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Tuesday, April 30, 2019

PH risking support by continuing many BN policies, says analyst

Firdaos Rosli.
PETALING JAYA: The Pakatan Harapan-led government will likely continue Barisan Nasional-era policies for the sake of continuity, though this may further erode its popularity and support, an economist said.
Firdaos Rosli of the Institute of Strategic and International Studies (Isis) said it was normal for governments around the world to want to ensure continuity even when there was a change of leadership.
He told FMT that if the PH government were to change too many things at once, it might find it more challenging to manage the effects of the changes and the sentiments on the ground.
Already, he said the government faced criticism over the reintroduction of the sales and services tax (SST). It was aimed at reducing the cost of living, he said, but for many the change from the goods and services tax (GST) was largely ineffective in bringing down prices.
Oh Ei Sun.
Making matters worse was the reduction in government revenue to the tune of RM21 billion, even as Putrajaya continued megaprojects such as the East Coast Rail Link and Bandar Malaysia.
He was commenting on the findings of a Merdeka Center poll which found only 40% of respondents were satisfied with the government’s management of the economy.
Some 46% said they felt the “country was headed in the wrong direction“, compared with 24% in August 2018, while only 39% said they approved of the ruling government.
Firdaos believes the narrative about debts and corruption scandals are being recycled once too often, and that people want to see what PH has in store for real economic reform.
“The problem is that if they try to map out their medium to long-term economic policies, it may mirror BN’s economic priorities in many ways.”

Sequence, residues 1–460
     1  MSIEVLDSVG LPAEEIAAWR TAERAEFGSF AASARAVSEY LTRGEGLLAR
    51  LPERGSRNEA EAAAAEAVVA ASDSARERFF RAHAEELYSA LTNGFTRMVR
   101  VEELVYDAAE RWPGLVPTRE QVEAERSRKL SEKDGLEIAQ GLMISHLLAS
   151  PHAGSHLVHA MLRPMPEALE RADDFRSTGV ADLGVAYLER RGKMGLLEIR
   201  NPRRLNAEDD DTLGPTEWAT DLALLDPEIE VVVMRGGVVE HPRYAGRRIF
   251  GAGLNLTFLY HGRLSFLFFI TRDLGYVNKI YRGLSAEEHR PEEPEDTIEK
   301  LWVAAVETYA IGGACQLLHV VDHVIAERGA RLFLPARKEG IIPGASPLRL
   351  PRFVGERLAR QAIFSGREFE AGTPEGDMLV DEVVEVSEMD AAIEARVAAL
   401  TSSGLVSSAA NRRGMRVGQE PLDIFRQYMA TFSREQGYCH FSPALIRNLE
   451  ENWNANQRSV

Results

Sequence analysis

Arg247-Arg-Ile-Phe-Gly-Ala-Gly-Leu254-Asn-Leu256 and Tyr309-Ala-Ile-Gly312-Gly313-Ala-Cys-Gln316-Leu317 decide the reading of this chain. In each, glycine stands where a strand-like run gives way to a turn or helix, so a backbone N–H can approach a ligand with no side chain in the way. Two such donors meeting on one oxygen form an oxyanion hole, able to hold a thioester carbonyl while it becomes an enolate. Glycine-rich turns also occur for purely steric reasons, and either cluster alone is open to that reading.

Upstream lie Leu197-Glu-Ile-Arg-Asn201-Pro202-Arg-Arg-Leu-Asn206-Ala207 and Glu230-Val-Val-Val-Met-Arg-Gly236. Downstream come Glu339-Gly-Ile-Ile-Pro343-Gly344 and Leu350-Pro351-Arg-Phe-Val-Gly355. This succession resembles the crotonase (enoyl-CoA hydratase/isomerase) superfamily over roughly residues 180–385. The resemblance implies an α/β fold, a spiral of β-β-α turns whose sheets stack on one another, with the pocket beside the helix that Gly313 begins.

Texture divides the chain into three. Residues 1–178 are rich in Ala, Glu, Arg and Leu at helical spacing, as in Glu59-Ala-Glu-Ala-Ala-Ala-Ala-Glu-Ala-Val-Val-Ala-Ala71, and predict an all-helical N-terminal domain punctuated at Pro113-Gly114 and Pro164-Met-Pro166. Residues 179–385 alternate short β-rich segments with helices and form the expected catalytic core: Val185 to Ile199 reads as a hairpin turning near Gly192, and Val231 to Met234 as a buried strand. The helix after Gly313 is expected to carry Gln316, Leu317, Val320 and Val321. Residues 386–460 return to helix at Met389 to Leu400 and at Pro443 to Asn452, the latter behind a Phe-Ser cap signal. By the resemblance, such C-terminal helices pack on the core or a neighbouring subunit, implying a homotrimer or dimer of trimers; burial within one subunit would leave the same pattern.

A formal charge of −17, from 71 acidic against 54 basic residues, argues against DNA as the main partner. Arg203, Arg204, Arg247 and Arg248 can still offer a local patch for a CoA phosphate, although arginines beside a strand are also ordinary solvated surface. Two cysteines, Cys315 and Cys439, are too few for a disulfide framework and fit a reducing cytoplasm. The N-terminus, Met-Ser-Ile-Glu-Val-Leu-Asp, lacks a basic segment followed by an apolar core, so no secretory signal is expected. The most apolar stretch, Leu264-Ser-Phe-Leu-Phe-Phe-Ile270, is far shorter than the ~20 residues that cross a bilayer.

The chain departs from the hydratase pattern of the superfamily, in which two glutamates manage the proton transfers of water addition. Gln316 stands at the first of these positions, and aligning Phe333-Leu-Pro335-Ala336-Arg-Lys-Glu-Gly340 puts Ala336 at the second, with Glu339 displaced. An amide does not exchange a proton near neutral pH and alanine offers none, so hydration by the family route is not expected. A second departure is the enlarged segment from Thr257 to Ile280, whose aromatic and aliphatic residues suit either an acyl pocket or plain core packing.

In this respect, he said, he would expect PH to eventually abandon SST in favour of a GST-like tax, ratify the Comprehensive and Progressive Agreement for Trans-Pacific Partnership (CPTPP) and overhaul TN50, among other moves.
In the meantime, he added, PH’s manifesto promises would continue to be a point of reference where the people’s expectations were concerned, and when these expectations did not reflect reality, PH’s popularity would be hurt.
“The pressure for a new economic narrative will go up in time, as will the demand for PH to deliver on its manifesto.”
Singapore Institute of International Affairs senior fellow Oh Ei Sun said the government was faced with rural and urban populations who were dependent on the government where the economy was concerned.
In the rural area, people wanted aid and infrastructure, while in urban areas, they wanted economic stimuli and incentives for business.
“If these aren’t forthcoming, the people won’t be happy and a lot of blame is heaped on the government. There is a distinct possibility that this will be a one-term government,” he said in commenting on the drop in support.
Yeah Kim Leng.
On top of economic issues, he said race issues were also of importance to the Malay-majority voter bank and that the past three by-elections were an indication as to where the Malay votes would go.
“While it is laudable that Putrajaya is pushing out a lot of progressive social, political and legal policies, many want to see more being done for the economy. For now, maybe people cannot stomach many political and social changes, so the government should give the impression that their focus is the economy.”
Sunway University Business School economist Yeah Kim Leng, meanwhile, said the government should stay focused and committed to the institutional and economic reform agenda as the long term benefits far outweighed the short term costs.
“More focused economic and communication programmes should be targeted at groups who feel that their socio-economic and political security may have been threatened by the reform agenda.” - FMT

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